Hayden Carruth: On "Two Tramps in Mudtime"

"Two Tramps in Mud Time" opens with the poet as wood-splitter in the thawing time of late winter, suffering the interruption of two unemployed loggers; this is good localized description, the kind Frost was master of. But then he appears not to know what to do with his opening. The poem wanders into further unnecessary description: the April day, the bluebird, the snow and water; and then it ends in four stanzas of virtually straight editorial matter. The two tramps and the mud-time are left utterly stranded. When one thinks how Frost would have used these figures at the time when he was writing his earlier dramatic and narrative poems, one can see clearly, I believe, how he had deserted his own imagination and how he tried to make up the deficiency through conscious manipulation and force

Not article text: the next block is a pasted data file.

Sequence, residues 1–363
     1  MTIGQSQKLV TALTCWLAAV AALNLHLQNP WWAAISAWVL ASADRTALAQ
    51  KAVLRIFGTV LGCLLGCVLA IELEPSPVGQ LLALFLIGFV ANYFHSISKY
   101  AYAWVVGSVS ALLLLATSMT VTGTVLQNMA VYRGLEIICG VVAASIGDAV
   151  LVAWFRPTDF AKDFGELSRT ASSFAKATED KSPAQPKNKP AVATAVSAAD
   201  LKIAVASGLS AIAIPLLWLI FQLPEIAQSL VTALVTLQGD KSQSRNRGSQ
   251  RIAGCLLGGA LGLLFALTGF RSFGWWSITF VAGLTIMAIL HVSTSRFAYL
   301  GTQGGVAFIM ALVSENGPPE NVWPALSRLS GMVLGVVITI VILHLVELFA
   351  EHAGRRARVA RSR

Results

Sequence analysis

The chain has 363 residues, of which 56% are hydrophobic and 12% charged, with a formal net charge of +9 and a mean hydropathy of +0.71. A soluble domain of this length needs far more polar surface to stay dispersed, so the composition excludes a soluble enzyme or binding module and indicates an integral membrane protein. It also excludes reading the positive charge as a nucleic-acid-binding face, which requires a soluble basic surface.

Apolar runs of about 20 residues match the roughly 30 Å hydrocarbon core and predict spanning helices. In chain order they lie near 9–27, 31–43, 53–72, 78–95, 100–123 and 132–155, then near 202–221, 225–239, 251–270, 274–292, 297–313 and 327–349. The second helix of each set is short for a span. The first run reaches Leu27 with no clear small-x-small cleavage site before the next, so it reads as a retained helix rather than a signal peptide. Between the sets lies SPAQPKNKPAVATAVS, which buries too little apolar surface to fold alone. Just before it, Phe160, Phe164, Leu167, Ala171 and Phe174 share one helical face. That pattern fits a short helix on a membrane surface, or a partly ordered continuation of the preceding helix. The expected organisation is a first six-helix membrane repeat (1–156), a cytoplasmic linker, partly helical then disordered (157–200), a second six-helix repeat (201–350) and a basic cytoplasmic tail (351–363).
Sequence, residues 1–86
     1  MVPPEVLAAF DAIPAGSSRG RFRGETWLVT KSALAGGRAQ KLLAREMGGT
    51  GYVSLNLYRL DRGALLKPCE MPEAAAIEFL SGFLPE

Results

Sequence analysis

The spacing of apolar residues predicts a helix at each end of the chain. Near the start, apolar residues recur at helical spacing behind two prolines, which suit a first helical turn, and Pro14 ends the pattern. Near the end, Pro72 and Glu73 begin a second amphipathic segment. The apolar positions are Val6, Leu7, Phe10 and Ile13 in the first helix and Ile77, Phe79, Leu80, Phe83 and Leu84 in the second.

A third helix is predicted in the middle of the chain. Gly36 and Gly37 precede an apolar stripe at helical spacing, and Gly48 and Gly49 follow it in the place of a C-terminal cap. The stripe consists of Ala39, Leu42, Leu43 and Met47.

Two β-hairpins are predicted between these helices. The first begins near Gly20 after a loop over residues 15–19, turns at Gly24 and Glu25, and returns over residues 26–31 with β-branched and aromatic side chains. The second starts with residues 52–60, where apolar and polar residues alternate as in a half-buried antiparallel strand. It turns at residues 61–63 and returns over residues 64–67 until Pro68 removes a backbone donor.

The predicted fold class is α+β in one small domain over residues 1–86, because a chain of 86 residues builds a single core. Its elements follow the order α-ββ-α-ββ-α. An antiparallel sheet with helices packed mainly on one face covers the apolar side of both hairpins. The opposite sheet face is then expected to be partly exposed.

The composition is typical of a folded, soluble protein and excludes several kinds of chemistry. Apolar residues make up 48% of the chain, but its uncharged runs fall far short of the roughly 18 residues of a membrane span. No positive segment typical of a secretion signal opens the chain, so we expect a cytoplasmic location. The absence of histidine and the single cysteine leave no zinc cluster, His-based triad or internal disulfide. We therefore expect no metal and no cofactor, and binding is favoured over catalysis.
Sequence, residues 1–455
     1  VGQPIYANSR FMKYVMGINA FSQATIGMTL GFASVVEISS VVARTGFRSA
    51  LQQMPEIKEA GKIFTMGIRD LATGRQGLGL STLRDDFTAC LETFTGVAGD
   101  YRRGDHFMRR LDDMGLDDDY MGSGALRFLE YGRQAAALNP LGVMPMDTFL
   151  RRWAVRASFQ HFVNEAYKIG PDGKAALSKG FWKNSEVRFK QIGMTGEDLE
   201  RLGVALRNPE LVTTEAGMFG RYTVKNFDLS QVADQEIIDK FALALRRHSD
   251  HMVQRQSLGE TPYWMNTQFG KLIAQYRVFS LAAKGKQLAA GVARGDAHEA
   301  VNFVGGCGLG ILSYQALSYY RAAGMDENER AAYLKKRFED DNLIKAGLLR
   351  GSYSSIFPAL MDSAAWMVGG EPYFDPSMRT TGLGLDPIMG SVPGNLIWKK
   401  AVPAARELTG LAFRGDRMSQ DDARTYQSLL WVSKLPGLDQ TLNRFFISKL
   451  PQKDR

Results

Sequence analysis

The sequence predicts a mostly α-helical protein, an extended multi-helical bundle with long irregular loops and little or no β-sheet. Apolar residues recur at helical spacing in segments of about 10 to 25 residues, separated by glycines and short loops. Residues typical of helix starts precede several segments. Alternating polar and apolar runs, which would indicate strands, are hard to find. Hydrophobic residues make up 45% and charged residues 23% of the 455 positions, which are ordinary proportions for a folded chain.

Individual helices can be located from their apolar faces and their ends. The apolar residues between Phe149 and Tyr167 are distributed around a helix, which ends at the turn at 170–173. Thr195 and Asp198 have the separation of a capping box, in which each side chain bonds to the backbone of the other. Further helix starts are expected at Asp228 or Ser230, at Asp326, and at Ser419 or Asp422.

From "Robert Frost" in Parnassus: Poetry in Review, Spring-Summer, 1975.

Details

Criticism Overview
Title Hayden Carruth: On "Two Tramps in Mudtime" Type of Content Criticism
Criticism Author Hayden Carruth Criticism Target Robert Frost
Criticism Type Poet Originally Posted 26 Feb 2014
Publication Status Excerpted Criticism Publication No Data
Printer Friendly PDF Version
Contexts No Data Tags symbolism, winter, Nature, labor

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